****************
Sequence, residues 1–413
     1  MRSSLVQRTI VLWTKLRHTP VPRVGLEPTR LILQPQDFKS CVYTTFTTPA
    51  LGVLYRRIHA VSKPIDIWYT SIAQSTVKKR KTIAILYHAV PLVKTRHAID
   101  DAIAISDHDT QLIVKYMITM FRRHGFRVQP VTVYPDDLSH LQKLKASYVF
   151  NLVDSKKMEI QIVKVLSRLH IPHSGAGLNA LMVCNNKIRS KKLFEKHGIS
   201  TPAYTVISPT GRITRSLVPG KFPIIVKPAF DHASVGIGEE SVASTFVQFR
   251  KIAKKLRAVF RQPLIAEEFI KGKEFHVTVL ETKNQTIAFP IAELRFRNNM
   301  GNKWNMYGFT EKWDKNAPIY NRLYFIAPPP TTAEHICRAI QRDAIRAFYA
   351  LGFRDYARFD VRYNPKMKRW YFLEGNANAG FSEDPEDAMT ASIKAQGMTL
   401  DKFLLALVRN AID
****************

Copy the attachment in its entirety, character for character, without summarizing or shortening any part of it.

Sequence, residues 1–413
     1  MRSSLVQRTI VLWTKLRHTP VPRVGLEPTR LILQPQDFKS CVYTTFTTPA
    51  LGVLYRRIHA VSKPIDIWYT SIAQSTVKKR KTIAILYHAV PLVKTRHAID
   101  DAIAISDHDT QLIVKYMITM FRRHGFRVQP VTVYPDDLSH LQKLKASYVF
   151  NLVDSKKMEI QIVKVLSRLH IPHSGAGLNA LMVCNNKIRS KKLFEKHGIS
   201  TPAYTVISPT GRITRSLVPG KFPIIVKPAF DHASVGIGEE SVASTFVQFR
   251  KIAKKLRAVF RQPLIAEEFI KGKEFHVTVL ETKNQTIAFP IAELRFRNNM
   301  GNKWNMYGFT EKWDKNAPIY NRLYFIAPPP TTAEHICRAI QRDAIRAFYA
   351  LGFRDYARFD VRYNPKMKRW YFLEGNANAG FSEDPEDAMT ASIKAQGMTL
   401  DKFLLALVRN AID